The image on the right shows the device, as it was confiscated by the FBI.
It was small enough to be carried inconspiciously, and could easily be
hidden in a pocket. When folded it measures approx. 7.5 x 10 cm
(about a pack of cigarettes).
The device consists of two halves that are kept together by springs and
hinges. Once opened, 36 flat-faced contacts become visible. They
mate with the 36 spring-loaded contacts of a KL-7 rotor
(photograph supplied by Keith Melton) .
A hand-operated slide contact, hidden inside a storage compartment at the
top left, was then inserted through the center hole of the rotor.
It kept the rotor in place, provided the correct pressure for the spring-loaded
contacts, and allowed the slide contact to 'brush' over each individual rotor
contact at the other side. The rotor would be placed with index arrow
opposite the position 0 index of the reader. The slide contact was then moved
over the individual contacts of the rotor, and each time one of 36 lamps on the
lamp panel (at the left) would be lit.
Below is a 3-D drawing of the rotor reader. It gives a good idea of
how it was used. The manually operated slide contact is here taken out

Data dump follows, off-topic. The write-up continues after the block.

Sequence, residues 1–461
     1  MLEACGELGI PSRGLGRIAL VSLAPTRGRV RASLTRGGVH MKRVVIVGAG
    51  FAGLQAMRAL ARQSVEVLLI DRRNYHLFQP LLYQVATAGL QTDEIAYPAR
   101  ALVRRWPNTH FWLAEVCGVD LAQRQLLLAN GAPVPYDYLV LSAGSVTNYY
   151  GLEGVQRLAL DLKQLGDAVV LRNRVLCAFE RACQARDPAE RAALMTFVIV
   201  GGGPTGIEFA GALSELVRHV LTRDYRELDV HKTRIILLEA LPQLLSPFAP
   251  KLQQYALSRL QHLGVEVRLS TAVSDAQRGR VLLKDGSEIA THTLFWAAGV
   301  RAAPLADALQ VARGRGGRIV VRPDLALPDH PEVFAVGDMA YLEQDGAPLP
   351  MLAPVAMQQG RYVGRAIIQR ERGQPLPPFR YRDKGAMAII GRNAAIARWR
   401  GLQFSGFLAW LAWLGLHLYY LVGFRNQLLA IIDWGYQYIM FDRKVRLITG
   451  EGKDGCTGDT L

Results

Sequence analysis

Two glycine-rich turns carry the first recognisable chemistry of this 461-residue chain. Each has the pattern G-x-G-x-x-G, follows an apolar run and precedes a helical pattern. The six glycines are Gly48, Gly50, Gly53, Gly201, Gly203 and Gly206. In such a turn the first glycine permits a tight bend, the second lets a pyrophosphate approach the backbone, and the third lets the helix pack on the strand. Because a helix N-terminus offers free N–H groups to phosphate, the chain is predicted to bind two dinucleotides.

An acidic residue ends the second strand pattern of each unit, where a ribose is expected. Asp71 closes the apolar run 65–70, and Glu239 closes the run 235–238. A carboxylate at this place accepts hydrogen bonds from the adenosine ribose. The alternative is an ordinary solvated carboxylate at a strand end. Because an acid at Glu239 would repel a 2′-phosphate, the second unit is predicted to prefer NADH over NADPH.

of its storage compartment. It has a rectangular 'key' at the bottom
(left in the drawing) that is inserted in the rectangluar hole
at the center of the reader.
It is assumed that the rotor reader was not one-of-a-kind,
but that at least a modest quantity of them was built.
The Soviets supplied Walker with the device only three weeks after he
started spying for them in 1967. Furthermore, Walker was not the only
person who compromised the KL-47 and similar machines.
When Army Sergeant Joseph Helmich was caught spying in the mid-1970s,
an identical rotor reader was found on him .
For a detailed description of the rotors, the stepping mechanism
and the gearbox, please refer to our KL-7 page.
The KL-47 works much in the same way.
We currently have no other information about the KL-47. You can help us
expanding this page by supplying additional details and stories.
If you think you can help, please contact us.
- Jerry Proc, KL-47
Website, last updated 30 Oct 2012. Retrieved October 2013.
- Laura H. Heath, Analysis of Systematic Security Weaknesses of the US Navy...
M.S., Georgia Institute of Technology, 2001.
Fort Leavensworth, Kansas (USA), 2005.
Thesis of Major Laura Heath, detailing how John Walker exploited weaknesses
in the US Navy Broadcasting System between 1967 and 1974.
- Wikipedia, John Anthony Walker
Retrieved November 2010.
- FBI, The Year of the Spy
Famous Cases and Criminals. John Anthony Walter Jr.
Retrieved November 2010.
- Pete Earley, Family of Spies: The John Walker Jr. Spy Case
TruTV website, crime library. Date unknown.
- H. Keith Melton, The Ultimate Spy Book
ISBN: 07894074435. 2009.
- HL-1 CSP-6620A, TSEC/HL-1 and TSEC/HL-1B system block diagrams
4 June 1962. Unclassified.
- UK/US Communications Security Conference 1951
London, July 1951. US Army, 17 August 1951.